FEATURE: The greatest NFL riches to rags story you've never heard of 4 years ago

FEATURE: The greatest NFL riches to rags story you've never heard of

The biggest waste of talent in NFL history.

“Todd was the best quarterback in that draft, and that included Brett Favre.” 

17 Nov 1990: Quarterback Todd Marinovich of the USC Trojans celebrates after the Trojans 45-42 victory over the UCLA Bruins at the Rose Bowl in Pasadena, California. Mandatory Credit: Stephen Wade /Allsport

This was the sentiment echoed by Mike White – the quaterback coach of the LA Raiders – during the 1991 NFL draft.

Trusting White’s testimony, the bad boys of the NFL took a chance on the bad kid of American football.

Todd Marinovich was 24th pick in the first round of that draft; Brett Favre was 33rd in the second, as outlined in the brilliant ESPN 30 for 30 documentary, The Marinovich Project.

That statistic alone is the most succinct example of the ability of the man labelled ‘Robo QB’ by an adoring media in the late 1980’s. But by August 1993, with the above relationship tarnished completely, Marinovich left the NFL and would hardly ever play again. There were no injury problems.

The Todd Marinovich story is one of excess. On the one hand, there was the incredibly intensive training regime from his cradle which left no room for error. On the other, there was the young superstar who, with a very different lifestyle, was the antithesis of the one controlled by his father. To understand his journey is to understand that influence.

Essentially, Marv Marinovich was a failed footballer who became obsessed in determining the cause of his premature retirement. Marv put all his energy into finding how to best utilise a footballer’s body through training and diet. His guinea pig was to be his infant son, who literally began training before he could walk. One could already envision the danger signs.

17 Nov 1990: Quarterback Todd Marinovich of the USC Trojans celebrates during the Trojans 45-42 victory over the UCLA Bruins at the Rose Bowl in Pasadena, California. Mandatory Credit: Stephen Wade /Allsport

However, the Marinovich Project is a complicated affair. Just when the story seems to be predictable, a curve ball is thrown.

Todd, for instance, actually loved playing football throughout his childhood and always maintained an affinity with the sport. Additionally, despite his clearly overly intense nature, Marv’s methods were extremely successful. His revolutionary approach at the time was incorporated by the NFL’s official training program and his son was the major benefactor.

Todd was representing major high schools at age levels far older than his, totally excelling in every rank thanks to his amazing and unrivalled left-arm throwing at quarterback.

However, garnering national attention and a one-way ticket to superstardom would come at a cost. Marinovich was destined for greatness at a tender age because he had sacrificed a childhood in order to achieve his and his father’s dream. Even though his development greatly exceeded that of his peers, something had to give.

That something was moving to USC and playing elite college football, the importance of which is difficult to overstate to the uninitiated. This was also the commencement of the devastating second period in Todd’s young life – the moment he escaped his family situation and truly explored the definition of extra-curricular activities. It was this exploration of the good life which started the gradual and significant erosion of his extraordinary standing in the game.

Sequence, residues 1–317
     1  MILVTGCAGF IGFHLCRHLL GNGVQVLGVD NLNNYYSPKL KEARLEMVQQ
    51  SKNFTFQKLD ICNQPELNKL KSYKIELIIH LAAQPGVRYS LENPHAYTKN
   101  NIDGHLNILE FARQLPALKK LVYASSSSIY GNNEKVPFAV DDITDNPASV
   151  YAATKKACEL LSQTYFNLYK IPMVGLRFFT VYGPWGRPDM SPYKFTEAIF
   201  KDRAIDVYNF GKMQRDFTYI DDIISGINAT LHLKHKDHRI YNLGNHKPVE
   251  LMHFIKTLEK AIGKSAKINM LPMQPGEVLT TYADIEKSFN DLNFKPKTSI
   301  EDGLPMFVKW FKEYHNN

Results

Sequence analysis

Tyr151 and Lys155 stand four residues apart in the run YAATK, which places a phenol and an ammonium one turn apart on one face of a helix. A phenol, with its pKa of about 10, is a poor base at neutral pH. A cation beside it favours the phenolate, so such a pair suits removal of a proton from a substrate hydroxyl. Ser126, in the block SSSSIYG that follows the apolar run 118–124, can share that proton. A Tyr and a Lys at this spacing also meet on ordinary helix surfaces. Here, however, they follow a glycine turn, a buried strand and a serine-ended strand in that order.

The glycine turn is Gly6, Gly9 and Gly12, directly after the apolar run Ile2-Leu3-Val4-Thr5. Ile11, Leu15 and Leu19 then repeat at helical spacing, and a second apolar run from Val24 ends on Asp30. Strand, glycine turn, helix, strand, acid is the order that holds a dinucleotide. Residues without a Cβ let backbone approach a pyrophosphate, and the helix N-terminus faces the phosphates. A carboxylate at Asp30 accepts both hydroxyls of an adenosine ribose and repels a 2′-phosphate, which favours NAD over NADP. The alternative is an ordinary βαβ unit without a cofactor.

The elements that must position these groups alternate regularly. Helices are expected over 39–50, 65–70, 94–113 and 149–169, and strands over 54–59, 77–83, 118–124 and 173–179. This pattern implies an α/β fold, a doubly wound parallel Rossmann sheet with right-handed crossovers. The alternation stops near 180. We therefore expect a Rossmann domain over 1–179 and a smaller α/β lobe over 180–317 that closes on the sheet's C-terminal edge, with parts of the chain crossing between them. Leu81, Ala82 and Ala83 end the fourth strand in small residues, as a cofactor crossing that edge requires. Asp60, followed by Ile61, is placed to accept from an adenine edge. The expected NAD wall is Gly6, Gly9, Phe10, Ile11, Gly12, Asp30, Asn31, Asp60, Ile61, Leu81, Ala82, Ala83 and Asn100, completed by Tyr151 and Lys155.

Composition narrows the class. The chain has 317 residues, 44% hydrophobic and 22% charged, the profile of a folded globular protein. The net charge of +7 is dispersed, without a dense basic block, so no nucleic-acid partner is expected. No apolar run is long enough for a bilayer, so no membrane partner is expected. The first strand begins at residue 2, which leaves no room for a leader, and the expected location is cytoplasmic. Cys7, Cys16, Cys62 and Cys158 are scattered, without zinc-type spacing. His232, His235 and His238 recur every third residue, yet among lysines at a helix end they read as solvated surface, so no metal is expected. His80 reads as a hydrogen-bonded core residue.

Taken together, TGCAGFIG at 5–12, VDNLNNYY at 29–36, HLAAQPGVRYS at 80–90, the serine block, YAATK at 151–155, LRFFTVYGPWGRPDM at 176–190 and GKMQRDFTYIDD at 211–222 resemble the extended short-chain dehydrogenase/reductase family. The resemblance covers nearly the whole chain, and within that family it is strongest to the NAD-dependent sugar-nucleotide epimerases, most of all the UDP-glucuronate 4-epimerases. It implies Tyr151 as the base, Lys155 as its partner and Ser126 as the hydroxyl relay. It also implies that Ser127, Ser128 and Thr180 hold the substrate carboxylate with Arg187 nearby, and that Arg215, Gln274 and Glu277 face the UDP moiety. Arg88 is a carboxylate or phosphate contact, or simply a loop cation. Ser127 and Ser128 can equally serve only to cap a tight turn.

4 Oct 1992: Quarterback Todd Marinovich of the Los Angeles Raiders looks to pass the ball during a game against the New York Giants at the Los Angeles Memorial Stadium in os Angeles, California. The Cowboys won the game, 13-10Mandatory Credit: Ken Levin

The Marinovich Project is a fascinating documentary examining the career of a natural winner who won nothing. It is the story of a player who endured a life’s worth of training and commitment by his late teens, only to be left completely disillusioned by the ultimate reward.

It's the tale of a popular yet vulnerable Californian who, after leading the Raiders to victory against the New York Giants, had nothing left to give and began to purposely orchestrate his downfall with the regular use of amphetamines before games.

Marinovich would later nearly make it as a rock star, only to fall to the same vices which led to his terrible off-field reputation. This is an ode to a freak talent who briefly returned to football with the LA Avengers in 2000, threw an incredible ten touchdown passes in one game against the Houston Thunderbears, but was secretly only playing so he could afford to fund his devastating and well hidden heroin addiction.

This was an increasingly desperate and lost soul surviving with the use of a remarkable autopilot system built up over the years. His brief comeback at the turn of the millennium could never endure.

Ultimately, however, this is a documentary about a father-son relationship. The remarkable full-circle contradiction of a boy who was desperate to escape from the grasp of his over-bearing father, to a man who is today full of loving admiration for his elderly parent, who he now views as more of a friend than a father.

Marinovich, though, is a different character these days. This is a guy who now leads a healthy and happy life as an artist and is at ease with his troubled past. He is almost mythical in his presence and his life reads like the work of a celebrated fiction novelist.

The Marinovich Project is a must watch for any fan of the NFL, any sports supporter; in fact, anyone who is interested in the human condition. It is a film that has a running theme, a pertinent and existential question proposed by our protagonist himself - just because you are good at something, does it mean you have to do it?

A terrific documentary.